According to the ISO website, ISO is an independent, non- governmental international organization with a membership of 164 national standards bodies. But, how much are the 164 national standard bodies independent? In Israel, The government, through the Industry and Trade Office, is responsible for the SII (Standards Institution of Israel). The same or similar dependence may exist in other countries as well. In Israel there is also very often a strong connection between the national standard body and big and strong organizations that might hurt the ”independency”.
In addition we should be aware of the fact that the standards that are established by ISO or by national standard bodies are sold (and they are not cheap!) and not free to use for any intending user. According to ISO, over one million companies and organizations certified themselves to ISO 9001. The last version of ISO 9001, the 2015 version cost 162 American dollars which means that if more than million bodies bought the new standard, ISO received more than 162 million American dollars, a lot of money. A previous version was in 2008 and next one will be somewhere in the 2020’s and for each version, another 162 million American dollars will be spent. We must not forget ISO profits from other quality standards (ISO 14001, ISO 19011 and others). What is done with all this money?
What is the real aim (destination or quest) of ISO? Is it to improve the quality of the outcome of the organizations activities and their profits by quality management aspects or to maintain its standards, to change versions every several years and collect the profit by selling the standards?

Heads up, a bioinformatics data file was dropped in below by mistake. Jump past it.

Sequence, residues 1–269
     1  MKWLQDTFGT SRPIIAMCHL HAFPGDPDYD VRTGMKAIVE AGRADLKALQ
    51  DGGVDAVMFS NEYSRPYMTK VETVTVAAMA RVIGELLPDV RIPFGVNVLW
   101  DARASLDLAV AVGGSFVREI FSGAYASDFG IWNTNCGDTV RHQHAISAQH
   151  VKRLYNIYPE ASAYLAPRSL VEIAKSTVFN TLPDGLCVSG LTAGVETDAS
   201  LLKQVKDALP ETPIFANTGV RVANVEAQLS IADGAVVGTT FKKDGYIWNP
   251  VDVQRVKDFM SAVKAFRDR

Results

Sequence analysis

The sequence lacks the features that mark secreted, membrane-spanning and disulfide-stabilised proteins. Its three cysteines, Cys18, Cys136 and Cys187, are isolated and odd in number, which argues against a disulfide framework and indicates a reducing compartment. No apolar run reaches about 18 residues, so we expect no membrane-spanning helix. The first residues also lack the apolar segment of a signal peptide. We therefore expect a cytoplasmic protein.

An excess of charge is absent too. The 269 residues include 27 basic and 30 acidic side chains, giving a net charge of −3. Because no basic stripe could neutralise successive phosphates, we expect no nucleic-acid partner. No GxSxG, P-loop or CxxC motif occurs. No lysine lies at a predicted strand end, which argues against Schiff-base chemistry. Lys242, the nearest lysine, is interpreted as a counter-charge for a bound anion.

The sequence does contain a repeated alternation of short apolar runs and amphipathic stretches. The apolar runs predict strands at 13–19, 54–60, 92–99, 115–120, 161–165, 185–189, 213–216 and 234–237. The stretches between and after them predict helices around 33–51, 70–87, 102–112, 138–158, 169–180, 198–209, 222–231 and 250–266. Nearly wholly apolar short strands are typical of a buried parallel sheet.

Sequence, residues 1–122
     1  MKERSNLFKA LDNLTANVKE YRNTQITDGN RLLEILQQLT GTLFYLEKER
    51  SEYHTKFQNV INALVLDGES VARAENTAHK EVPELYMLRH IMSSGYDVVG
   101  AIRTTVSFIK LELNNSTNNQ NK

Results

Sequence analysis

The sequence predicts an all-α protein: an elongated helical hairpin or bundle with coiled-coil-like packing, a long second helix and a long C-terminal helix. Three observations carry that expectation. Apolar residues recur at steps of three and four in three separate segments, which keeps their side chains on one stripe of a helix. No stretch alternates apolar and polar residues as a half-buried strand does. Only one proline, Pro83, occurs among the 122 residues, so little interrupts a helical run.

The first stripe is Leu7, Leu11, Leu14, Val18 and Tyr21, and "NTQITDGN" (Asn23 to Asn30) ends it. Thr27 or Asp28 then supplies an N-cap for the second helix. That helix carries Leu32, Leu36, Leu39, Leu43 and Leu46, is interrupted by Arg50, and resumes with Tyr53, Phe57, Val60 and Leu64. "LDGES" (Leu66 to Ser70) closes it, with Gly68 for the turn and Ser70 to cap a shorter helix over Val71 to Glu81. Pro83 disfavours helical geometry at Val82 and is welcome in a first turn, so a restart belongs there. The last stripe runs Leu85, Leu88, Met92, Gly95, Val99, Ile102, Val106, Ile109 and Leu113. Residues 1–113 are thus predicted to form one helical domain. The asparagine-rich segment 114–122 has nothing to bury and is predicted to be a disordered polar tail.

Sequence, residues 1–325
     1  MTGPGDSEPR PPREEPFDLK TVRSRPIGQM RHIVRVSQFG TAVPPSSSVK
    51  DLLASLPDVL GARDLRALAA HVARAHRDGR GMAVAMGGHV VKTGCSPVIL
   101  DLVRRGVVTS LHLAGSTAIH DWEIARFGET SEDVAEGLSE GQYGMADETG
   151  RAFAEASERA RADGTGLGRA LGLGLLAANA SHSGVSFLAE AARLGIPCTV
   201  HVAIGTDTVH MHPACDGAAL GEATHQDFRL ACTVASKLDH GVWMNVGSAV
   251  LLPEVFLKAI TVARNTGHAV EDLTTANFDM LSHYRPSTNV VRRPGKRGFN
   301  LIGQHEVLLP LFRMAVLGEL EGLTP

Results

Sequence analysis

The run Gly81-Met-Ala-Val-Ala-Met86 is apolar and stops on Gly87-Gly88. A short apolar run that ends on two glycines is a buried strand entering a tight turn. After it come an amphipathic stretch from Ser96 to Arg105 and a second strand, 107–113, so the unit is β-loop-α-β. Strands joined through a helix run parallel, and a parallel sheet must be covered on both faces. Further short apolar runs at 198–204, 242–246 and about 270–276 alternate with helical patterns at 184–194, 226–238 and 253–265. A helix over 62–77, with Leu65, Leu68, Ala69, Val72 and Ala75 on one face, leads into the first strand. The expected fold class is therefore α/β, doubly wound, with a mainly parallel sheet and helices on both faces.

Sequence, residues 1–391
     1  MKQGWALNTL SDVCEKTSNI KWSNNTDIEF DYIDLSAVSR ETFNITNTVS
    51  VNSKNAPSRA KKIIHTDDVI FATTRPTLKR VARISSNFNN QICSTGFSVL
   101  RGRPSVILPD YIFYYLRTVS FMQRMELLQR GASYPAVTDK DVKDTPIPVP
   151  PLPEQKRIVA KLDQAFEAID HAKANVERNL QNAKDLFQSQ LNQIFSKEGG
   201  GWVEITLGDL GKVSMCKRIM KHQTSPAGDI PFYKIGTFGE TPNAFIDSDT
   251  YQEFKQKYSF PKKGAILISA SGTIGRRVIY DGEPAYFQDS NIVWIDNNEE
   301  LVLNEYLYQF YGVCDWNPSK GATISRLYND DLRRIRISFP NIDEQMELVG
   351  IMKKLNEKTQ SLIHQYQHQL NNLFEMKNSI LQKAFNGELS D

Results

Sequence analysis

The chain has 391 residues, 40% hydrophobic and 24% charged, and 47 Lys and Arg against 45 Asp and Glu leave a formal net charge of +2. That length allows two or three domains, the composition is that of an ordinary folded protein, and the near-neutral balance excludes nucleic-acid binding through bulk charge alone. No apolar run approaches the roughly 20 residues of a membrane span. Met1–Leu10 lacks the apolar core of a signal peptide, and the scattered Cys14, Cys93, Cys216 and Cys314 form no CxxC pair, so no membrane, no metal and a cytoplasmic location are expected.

Each time a new version of Quality standard is published many articles and reports dealing with the new version (explanations, highlights) are published. Most published articles support the changes. It’s fine but I’m asking myself, isn’t there anyone in the Quality area (Quality Managers, Quality Auditors, Quality Engineers or other Quality Experts) that might think differently? Maybe the changes in the new versions are not so urgently needed or critical? Maybe the organizations that operated under the requirements of the previous version can continue the same good Quality activity without the new requirements and without spending additional money for the new changes and the new standard? Did anyone in ISO or anyone of the 164 national standard representative bodies survey the certified organizations for their opinions about the different aspects of the Quality standards and their frequent changes? I’d like to know if during the discussion on the change of the standard version in ISO, were there any national representatives that rejected the changes and if so, what the reasons for refusal was? Are the 164 national standards bodies and the 585 participants in ISO independent?